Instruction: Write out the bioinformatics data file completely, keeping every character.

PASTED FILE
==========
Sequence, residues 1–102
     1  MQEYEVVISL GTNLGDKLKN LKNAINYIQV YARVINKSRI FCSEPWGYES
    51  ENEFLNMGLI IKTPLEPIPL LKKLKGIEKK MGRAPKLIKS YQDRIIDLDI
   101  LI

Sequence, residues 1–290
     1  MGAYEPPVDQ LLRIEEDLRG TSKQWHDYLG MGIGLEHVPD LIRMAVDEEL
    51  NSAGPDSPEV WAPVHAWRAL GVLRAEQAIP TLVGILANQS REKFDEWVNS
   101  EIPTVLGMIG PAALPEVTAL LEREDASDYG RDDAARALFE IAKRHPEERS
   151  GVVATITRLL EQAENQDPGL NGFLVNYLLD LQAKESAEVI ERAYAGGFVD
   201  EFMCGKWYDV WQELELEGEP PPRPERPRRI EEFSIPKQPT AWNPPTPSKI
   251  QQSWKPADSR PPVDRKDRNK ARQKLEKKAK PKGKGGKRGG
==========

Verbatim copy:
Sequence, residues 1–102
     1  MQEYEVVISL GTNLGDKLKN LKNAINYIQV YARVINKSRI FCSEPWGYES
    51  ENEFLNMGLI IKTPLEPIPL LKKLKGIEKK MGRAPKLIKS YQDRIIDLDI
   101  LI

Sequence, residues 1–290
     1  MGAYEPPVDQ LLRIEEDLRG TSKQWHDYLG MGIGLEHVPD LIRMAVDEEL
    51  NSAGPDSPEV WAPVHAWRAL GVLRAEQAIP TLVGILANQS REKFDEWVNS
   101  EIPTVLGMIG PAALPEVTAL LEREDASDYG RDDAARALFE IAKRHPEERS
   151  GVVATITRLL EQAENQDPGL NGFLVNYLLD LQAKESAEVI ERAYAGGFVD
   201  EFMCGKWYDV WQELELEGEP PPRPERPRRI EEFSIPKQPT AWNPPTPSKI
   251  QQSWKPADSR PPVDRKDRNK ARQKLEKKAK PKGKGGKRGG